Harry Potter

Why JK Rowling’s New Book Might NOT Be A Boon For Booksellers

I’ve been seeing quite a bit of commentary about J K Rowling’s newly announced book along the lines of the tweet below(1):

The Bookseller also reported some great positive comments like:

Jonathan Ruppin, Foyles web editor, said: “It is clearly huge news, it is the talk of the office already. It will be the biggest selling book of that time, I am sure other publishers will move their books out of schedules to make room for it.

But the truth is there are reasons to expect that the book will NOT be a boost to booksellers. Many reasons in fact, but here are just four:

1) Supermarkets. Like they did with Harry Potter, it seems highly likely that supermarkets will attempt to attract buyers into their stores by selling the new book below cost. Such competition makes such highly hyped titles difficult to sell for independent booksellers and even chains have trouble competing with the likes of Tesco.

2) Ebooks. Well the truth is that booksellers will largely NOT benefit from ebook sales, rather Amazon, Apple and Kobo along with whoever sells the ebook editions will.

3) Online Sales. I suppose the online retailers will do well, but pre-orders, especially through Amazon and Amazon owned sites will probably be the key winner in this space, rather than through independent or chain bookstores.

4) The Economy. So J K Rowling will do well from this but in an environment where free cash is limited the likelihood is that the book will simply change purchasing patterns in the book trade rather than expand the market. Rowling’s big name will attract money and books released around the same time will do less well than they might have with the overall impact being neutral to moderately positive rather than massive. Thus isn’t, I stress, an attack on Rowling, simply the reality of how things go.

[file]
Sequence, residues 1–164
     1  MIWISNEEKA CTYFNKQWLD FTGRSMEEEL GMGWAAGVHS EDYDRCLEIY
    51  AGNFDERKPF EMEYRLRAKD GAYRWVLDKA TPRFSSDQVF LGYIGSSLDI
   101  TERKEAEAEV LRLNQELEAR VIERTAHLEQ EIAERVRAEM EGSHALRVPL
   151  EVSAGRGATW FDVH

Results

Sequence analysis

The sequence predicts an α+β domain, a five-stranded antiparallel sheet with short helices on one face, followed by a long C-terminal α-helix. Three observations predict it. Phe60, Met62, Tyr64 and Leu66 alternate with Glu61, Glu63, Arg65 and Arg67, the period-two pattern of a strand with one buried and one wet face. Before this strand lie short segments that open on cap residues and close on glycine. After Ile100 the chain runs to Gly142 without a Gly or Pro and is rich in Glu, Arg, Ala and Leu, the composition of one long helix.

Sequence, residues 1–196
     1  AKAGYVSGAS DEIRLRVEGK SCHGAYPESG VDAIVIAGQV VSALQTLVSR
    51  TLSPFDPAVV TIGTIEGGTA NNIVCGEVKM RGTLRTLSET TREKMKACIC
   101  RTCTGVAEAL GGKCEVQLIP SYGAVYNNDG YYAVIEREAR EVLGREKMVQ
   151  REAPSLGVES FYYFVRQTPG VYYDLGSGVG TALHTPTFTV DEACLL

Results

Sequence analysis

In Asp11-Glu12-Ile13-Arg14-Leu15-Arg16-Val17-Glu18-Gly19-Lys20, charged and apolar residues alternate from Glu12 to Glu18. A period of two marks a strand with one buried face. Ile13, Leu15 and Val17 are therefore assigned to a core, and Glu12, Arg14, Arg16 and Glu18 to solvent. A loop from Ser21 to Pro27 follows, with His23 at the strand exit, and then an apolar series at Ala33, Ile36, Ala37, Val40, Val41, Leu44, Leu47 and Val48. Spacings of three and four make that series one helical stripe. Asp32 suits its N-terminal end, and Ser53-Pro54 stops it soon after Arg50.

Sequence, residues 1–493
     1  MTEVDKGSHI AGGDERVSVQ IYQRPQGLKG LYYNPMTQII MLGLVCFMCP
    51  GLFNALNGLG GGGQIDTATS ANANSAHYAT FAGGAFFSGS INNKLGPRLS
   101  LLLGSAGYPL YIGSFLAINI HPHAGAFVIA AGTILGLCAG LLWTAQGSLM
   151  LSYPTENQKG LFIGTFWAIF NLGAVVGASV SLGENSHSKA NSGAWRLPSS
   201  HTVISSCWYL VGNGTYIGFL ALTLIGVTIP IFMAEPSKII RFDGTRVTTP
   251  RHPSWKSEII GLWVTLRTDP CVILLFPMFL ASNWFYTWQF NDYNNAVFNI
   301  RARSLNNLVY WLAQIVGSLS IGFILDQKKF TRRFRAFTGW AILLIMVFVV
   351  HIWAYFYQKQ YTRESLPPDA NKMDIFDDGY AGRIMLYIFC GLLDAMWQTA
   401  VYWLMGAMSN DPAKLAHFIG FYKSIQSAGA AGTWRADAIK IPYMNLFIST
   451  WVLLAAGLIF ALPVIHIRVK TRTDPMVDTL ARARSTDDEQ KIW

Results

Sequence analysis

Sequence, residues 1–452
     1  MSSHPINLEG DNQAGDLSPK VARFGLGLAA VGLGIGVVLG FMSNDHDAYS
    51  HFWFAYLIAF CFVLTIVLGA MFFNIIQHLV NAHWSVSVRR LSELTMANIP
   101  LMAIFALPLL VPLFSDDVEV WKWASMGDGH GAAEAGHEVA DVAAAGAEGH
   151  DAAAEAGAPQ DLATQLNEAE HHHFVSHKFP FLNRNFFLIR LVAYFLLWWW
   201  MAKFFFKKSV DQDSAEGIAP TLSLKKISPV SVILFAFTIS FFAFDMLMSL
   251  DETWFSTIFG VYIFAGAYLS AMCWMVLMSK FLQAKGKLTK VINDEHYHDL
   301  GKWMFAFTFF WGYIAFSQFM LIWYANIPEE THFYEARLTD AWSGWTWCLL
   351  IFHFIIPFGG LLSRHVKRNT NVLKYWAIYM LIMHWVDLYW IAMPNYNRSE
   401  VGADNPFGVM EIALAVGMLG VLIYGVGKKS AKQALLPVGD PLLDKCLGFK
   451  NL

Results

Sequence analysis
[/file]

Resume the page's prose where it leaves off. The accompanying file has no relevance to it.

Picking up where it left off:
All told I’m fairly pleased to see Rowling move past Potter and I think it was wise to move publisher at the same time enabling a proper brand extension. There’s a big part of me hopes that I am wrong, but a bigger part that expects to be right!

Eoin

(1) And I am not picking on The O’Brien Press here!

Go Read This | Harry Potter Goes Google for the New Pottermore E-book Site

You know, this really IS a very good idea for Google. It will popularise their platform and probably engage LOTS of readers just as they are transitioning to ebooks. Might even help them sell some of those new ereaders they’ve launched!

Its no surprise that Pottermore has turned to Google to run what is bound to be a wildly popular e-commerce site. How well this deal will help boost Googles own e-bookstore efforts, beyond just sales of the Harry Potter titles, remains to be seen. No doubt Google hopes to be able to lure fans and book-buyers in to its e-bookstore for all their reading needs.

via Harry Potter Goes Google for the New Pottermore E-book Site.

Go Read This | Book Trade Announcements – Bloomsbury Acquires Continuum

Another incredibly sensible acquisition by Bloomsbury and yet another that pulls them further away from the territory of a strict trade publisher. Good for them: